If your keys get locked in your car, it’s a nuisance. If your toddler gets locked in the car, it’s an emergency.
Fortunately for one Patton Township family, the police were there to provide swift assistance.
When Jenny Cornman’s fiance loaded her 13-month-old daughter, Heidi, into her Kia Sorrento Saturday, he left the keys in Heidi’s care, Cornman said.
“Well, she’s at that age where she likes to push buttons,” Cornman said Sunday. “After he closed the door, she hit the lock button then dropped the keys on the floor.”
Cornman and her fiance panicked at first, she said, and called 911. In about five minutes, a Patton Township police car arrived.
“The car was in the garage the whole time,” she said, “so (Heidi) wasn’t in the sun.”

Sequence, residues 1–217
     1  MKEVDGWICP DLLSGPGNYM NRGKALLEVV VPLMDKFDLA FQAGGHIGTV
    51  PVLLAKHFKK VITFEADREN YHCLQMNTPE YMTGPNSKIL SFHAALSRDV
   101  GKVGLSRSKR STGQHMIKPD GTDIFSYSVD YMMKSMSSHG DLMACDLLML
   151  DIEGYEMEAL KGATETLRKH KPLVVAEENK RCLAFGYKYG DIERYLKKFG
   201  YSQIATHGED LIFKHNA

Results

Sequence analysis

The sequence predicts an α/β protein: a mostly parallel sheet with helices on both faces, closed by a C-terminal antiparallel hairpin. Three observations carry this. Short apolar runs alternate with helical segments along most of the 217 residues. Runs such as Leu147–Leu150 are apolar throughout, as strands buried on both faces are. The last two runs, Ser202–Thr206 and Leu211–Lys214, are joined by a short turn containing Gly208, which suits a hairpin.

Officer Brad Tuskovich was able to use his lockout tools to open the door and rescue Heidi, Cornman said. He even let her play with his shoulder radio and posed for a picture.
Keys locked in a car is a common call, Patton Township police said. Sometimes a lockout does involve a child, which can cause some tension for parents.
In those cases, police will expedite the call. All Patton Township police cars are equipped with lockout tools and can open a locked door free of charge.
We’re always out to help anyone who’s appreciative. It’s a good feeling to help people in need.
Officer Brad Tuskovich
“A lot of times we don’t deal with very nice aspects of society,” Tuskovich said Sunday. “We’re always out to help anyone who’s appreciative. It’s a good feeling to help people in need.”
Cornman said she especially wanted to thank the officer, given the recent amount of negative police stories in the media.
“We wanted to recognize him for being cool under pressure and for being sweet to our daughter,” Cornman said.